Iced Apple Oatmeal Cookies

Iced Apple Cookies_FINAL_WEB Gazing out the window of a downtown Bangor restaurant recently, I watched as a couple in their late 20s or early 30s walked by. In almost a single motion, the man unwrapped a fun size chocolate bar, dropped the wrapper to the sidewalk and offered the woman with him a bite before tucking the whole caramel, nut and nougat filled confection into his mouth.

Let’s rewind for a moment. Dropping that wrapper was a deliberate act — one so simple, but conveying so much. It wasn’t an oops action, quickly rectified by stooping to pick it up. He did it on purpose.

This was the action of someone who — for whatever reason — doesn’t think it’s his responsibility to deal with his own trash. Someone who clearly doesn’t see the larger problem that littering causes for the world around us. Someone who doesn’t care that there are garbage cans all over downtown Bangor just waiting to be used.

Yes, it was one small candy bar wrapper. It was one person, one moment, one act of littering. But it was also more than that. In a city of about 32,000 people, what if just 10 percent of the population behaved like that every day? How quickly would the trash pile up in the streets? How would the city’s culture change?

We’ve all heard about litter again and again and again. It’s nothing new. In the 1980s, a classroom magazine ran a photo of a six pack ring tangled in around a seagull’s beak. The story talked about how littering at beaches was killing gulls, or something like that, but that photo stuck with me. If improperly discarding the plastic that holds together soda cans could do that to birds, how was other trash impacting animals and our environment?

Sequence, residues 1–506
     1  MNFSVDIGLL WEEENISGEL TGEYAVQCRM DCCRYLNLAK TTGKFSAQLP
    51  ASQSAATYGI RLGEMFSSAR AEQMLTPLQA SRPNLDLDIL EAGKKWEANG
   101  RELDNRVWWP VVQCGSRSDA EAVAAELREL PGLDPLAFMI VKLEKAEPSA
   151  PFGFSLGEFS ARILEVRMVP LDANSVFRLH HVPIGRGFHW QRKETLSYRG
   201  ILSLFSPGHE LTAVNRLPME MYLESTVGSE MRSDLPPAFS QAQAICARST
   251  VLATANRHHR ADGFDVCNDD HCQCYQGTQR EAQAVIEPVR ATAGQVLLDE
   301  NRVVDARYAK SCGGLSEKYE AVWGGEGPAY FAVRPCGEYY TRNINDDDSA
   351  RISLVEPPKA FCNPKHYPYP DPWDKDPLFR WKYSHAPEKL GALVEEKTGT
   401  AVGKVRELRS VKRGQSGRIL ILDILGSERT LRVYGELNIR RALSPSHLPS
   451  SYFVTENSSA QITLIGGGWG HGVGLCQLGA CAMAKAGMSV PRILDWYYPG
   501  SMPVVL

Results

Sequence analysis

That gave me pause, and any affinity for the 80s culture of tossing things out the car window on the highway was severed. I didn’t want to be the person whose trash killed animals or contributed to the dirtying of our world.

I still don’t.

Fortunately, for the few who completely disregard the role they play in keeping our world clean — or dirty — there are others whose attitude is heartening.

I have a dear friend who always stops to pick up trash, wherever he is. He’s the antithesis of the man I saw on the street. Where that man didn’t care at all, my friend cares in spades. Where that man didn’t see his own trash as his problem, my friend sees trash as everyone’s problem.

And really, it is.

Unless we want to live in a world where the streets are a minefield of discarded items and stepping outside comes with an overall feeling of uncleanliness, we all should pay attention and do something. If we don’t, who will? Moreover, if we don’t teach our kids to do better, what will happen to this world?

As a mother, I am constantly reminding my kids to pick up after themselves at home. From the simple act of putting empty cereal boxes into the kitchen trash can to wiping up messes to putting away things after using them, it’s an important and nuanced lesson that helps keep our house in better order. But it’s also something that I have to reinforce again and again and again — at home, at least. Outside the home, these lessons have translated into kids who pick up their spilled popcorn at outdoor films and who carry their trash to the nearest garbage can.